'Great help from Japan': The Dutch East India Company's experiment with Japanese soldiers

Adam Clulow

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Abstract

This chapter examines a short-lived VOC experiment to recruit soldiers in Japan and dispatch them to fight on behalf of the organisation in Southeast Asia. As a number of historians have noted, the Japanese mercenary was not an unfamiliar figure in Southeast Asia in this period. In the early seventeenth century, Japanese fighters found employment in Siam, where successive kings deployed a large contingent of these troops; in the Philip-pines, where Japanese recruits engaged in the bloody suppression of Chinese revolts on behalf of their Spanish masters; and in Cambodia, where Japanese recruits bolstered local forces gathered to resist a potential invasion. But if there were parallels, the Company’s recruits were also set apart. This chapter argues that a small group of VOC officials enthusiastically embraced Japanese soldiers as part of their drive to solve the perennial European problem of inadequate military manpower in Asia. In the process, they departed from past patterns by attempting to engineer the figure of the professional Japanese mercenary, constrained by draconian contracts and governed by Dutch officers. Not surprisingly, however, the vision put forward by high-ranking officials, most of whom had never visited Japan, clashed with the reality on the ground where Japanese recruits proved unruly soldiers who became embroiled in a series of disciplinary incidents.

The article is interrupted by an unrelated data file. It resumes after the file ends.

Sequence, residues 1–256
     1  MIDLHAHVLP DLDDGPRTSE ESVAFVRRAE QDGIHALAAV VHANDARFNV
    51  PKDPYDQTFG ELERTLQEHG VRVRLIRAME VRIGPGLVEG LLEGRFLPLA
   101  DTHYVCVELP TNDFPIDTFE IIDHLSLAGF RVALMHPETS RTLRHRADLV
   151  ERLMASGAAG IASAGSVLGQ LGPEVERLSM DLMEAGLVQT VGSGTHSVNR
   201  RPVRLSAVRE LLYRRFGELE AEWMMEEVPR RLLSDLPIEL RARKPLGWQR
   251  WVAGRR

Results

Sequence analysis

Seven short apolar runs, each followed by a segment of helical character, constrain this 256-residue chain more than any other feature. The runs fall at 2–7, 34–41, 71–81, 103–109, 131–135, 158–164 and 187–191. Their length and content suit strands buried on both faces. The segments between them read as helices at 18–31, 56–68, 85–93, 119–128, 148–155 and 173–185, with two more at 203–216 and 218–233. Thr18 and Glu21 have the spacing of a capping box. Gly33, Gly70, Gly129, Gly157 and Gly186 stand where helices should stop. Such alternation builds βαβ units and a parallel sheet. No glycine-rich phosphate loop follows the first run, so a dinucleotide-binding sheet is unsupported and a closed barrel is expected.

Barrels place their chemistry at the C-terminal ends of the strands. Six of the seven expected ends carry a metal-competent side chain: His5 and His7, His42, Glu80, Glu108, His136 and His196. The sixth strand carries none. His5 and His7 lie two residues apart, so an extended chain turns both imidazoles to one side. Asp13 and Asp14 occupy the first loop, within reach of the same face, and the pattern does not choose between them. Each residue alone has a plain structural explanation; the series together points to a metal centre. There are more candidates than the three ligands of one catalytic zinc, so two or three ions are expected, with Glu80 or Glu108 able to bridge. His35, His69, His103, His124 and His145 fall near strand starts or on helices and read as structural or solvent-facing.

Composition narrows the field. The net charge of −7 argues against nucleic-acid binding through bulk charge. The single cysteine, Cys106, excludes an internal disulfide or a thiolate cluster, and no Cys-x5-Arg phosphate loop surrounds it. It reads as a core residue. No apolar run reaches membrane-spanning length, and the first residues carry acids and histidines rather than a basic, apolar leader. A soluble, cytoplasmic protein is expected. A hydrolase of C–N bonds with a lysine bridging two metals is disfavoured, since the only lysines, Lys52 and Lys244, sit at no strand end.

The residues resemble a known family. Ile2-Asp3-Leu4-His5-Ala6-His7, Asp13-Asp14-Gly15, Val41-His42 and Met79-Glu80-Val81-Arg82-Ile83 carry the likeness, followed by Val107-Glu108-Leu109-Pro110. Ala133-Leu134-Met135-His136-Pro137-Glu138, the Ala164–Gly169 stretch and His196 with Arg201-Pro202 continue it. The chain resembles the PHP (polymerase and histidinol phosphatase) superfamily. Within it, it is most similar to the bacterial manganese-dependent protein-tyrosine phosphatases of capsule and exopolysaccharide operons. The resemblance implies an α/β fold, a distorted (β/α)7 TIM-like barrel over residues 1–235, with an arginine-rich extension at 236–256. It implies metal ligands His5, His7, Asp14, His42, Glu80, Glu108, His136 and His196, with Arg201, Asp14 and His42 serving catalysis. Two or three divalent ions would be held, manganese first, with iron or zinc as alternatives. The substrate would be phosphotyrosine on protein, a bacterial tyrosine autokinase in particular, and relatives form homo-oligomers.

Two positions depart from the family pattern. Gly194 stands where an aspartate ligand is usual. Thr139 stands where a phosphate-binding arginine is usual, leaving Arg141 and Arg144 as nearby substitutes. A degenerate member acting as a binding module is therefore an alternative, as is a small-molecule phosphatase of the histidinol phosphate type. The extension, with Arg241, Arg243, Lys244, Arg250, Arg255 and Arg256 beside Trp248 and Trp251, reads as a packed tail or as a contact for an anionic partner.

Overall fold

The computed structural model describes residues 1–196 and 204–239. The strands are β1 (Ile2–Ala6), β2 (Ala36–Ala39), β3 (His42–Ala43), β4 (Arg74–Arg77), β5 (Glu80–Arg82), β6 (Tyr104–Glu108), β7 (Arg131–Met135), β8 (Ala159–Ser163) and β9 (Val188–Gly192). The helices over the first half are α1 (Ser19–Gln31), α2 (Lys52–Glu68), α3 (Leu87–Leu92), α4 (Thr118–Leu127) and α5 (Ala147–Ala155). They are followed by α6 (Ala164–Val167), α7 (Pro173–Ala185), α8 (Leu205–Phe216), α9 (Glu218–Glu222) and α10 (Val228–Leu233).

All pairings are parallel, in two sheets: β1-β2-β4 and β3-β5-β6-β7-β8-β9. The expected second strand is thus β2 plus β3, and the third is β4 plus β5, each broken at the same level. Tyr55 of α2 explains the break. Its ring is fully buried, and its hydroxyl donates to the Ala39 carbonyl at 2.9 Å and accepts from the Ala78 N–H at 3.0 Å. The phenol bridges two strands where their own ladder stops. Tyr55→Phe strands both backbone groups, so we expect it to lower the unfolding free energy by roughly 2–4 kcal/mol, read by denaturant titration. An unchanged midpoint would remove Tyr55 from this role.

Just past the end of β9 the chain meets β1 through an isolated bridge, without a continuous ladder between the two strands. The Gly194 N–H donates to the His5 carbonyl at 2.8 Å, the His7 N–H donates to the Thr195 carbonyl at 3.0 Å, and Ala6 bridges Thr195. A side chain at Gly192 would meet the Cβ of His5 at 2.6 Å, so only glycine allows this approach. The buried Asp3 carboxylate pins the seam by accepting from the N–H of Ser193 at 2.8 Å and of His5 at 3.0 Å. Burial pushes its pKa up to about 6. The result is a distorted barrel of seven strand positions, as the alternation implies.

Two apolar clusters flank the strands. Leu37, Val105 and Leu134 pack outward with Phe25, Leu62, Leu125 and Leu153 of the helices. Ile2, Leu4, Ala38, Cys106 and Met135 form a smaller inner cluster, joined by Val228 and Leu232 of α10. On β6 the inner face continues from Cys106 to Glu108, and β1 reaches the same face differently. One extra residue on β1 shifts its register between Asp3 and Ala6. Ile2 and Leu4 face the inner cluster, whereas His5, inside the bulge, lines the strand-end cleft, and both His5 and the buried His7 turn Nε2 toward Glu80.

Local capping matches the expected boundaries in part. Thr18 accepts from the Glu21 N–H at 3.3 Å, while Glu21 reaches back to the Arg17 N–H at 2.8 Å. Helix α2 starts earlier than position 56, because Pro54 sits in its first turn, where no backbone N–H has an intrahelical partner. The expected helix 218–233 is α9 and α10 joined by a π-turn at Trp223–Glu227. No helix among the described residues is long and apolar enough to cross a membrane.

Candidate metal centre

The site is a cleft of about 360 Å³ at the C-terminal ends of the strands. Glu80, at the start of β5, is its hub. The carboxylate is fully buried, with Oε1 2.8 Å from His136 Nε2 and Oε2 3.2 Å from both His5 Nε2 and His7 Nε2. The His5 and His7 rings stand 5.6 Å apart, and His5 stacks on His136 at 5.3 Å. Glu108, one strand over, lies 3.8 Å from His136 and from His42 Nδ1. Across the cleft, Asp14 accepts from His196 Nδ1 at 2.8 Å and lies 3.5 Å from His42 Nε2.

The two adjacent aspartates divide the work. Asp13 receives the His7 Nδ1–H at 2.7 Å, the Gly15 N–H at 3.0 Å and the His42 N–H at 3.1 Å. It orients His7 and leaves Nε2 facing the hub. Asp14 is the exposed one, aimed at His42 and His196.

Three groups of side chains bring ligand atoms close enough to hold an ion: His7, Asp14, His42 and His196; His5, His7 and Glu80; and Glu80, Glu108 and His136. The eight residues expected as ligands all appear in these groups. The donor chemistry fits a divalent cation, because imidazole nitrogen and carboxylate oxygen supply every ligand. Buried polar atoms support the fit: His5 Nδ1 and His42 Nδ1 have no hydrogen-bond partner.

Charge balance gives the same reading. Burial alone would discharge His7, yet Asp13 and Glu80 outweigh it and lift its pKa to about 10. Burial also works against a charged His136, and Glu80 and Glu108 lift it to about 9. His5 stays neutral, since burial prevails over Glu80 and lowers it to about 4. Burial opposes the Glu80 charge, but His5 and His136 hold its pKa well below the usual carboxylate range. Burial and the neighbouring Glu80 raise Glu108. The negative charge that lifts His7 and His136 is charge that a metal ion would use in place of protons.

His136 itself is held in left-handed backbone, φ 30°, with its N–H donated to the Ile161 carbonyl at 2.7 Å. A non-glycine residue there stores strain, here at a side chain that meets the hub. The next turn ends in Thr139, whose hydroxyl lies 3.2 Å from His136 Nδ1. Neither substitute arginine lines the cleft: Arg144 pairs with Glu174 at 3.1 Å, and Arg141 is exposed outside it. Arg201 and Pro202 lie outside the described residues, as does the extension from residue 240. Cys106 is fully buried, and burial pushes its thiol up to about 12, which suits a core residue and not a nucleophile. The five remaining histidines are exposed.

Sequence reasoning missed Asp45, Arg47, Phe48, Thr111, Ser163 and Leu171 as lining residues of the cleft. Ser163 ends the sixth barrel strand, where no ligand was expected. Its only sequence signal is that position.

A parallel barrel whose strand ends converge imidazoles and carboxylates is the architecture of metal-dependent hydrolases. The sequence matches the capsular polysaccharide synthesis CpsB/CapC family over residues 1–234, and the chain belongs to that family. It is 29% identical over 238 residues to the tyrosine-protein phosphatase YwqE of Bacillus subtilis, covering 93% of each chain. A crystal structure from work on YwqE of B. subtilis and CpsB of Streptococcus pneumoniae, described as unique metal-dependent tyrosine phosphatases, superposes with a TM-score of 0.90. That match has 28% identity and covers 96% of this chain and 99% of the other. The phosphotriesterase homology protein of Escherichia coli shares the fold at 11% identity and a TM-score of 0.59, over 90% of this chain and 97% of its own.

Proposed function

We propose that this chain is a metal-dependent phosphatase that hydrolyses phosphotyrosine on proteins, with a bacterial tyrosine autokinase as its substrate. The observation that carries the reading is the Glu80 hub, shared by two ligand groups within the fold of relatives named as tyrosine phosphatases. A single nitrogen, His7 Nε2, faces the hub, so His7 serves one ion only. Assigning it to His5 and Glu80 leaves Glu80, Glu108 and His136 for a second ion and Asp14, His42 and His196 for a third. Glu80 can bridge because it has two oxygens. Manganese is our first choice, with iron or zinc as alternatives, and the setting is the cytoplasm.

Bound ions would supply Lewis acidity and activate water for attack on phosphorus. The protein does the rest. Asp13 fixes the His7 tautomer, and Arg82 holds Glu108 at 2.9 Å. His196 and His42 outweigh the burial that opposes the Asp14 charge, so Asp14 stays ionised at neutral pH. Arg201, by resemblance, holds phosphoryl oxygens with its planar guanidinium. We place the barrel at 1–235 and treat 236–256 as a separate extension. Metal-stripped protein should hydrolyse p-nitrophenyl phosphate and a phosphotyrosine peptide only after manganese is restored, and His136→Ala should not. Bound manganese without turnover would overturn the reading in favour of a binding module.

Original languageEnglish
Title of host publicationThe Dutch and English East India Companies
Subtitle of host publicationDiplomacy, Trade and Violence in Early Modern Asia
EditorsAdam Clulow, Tristan Mostert
Place of PublicationLeiden The Netherlands
PublisherAmsterdam University Press
Chapter7
Pages179-210
Number of pages32
ISBN (Print)9789462983298
Publication statusPublished - 2018

Keywords

  • Mercenaries
  • non-state violence
  • Southeast Asia
  • Hirado. Amboyna Conspiracy Trial

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